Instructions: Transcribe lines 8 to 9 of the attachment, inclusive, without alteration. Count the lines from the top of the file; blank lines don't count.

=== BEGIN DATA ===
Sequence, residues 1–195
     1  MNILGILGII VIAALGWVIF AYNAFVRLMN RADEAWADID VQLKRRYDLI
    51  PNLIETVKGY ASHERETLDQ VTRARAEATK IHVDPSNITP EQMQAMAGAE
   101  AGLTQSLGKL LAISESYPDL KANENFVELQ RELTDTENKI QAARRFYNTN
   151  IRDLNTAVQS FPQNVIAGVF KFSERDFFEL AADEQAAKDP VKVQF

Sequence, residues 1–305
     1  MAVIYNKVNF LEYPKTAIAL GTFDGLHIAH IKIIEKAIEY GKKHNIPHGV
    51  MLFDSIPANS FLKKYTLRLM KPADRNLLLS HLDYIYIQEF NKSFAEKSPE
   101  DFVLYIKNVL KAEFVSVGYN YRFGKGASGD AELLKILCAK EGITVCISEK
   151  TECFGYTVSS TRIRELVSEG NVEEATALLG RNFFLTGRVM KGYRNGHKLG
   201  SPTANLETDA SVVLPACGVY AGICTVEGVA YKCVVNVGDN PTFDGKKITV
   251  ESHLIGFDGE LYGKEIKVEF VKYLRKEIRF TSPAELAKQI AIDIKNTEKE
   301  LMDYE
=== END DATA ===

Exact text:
    51  MLFDSIPANS FLKKYTLRLM KPADRNLLLS HLDYIYIQEF NKSFAEKSPE
   101  DFVLYIKNVL KAEFVSVGYN YRFGKGASGD AELLKILCAK EGITVCISEK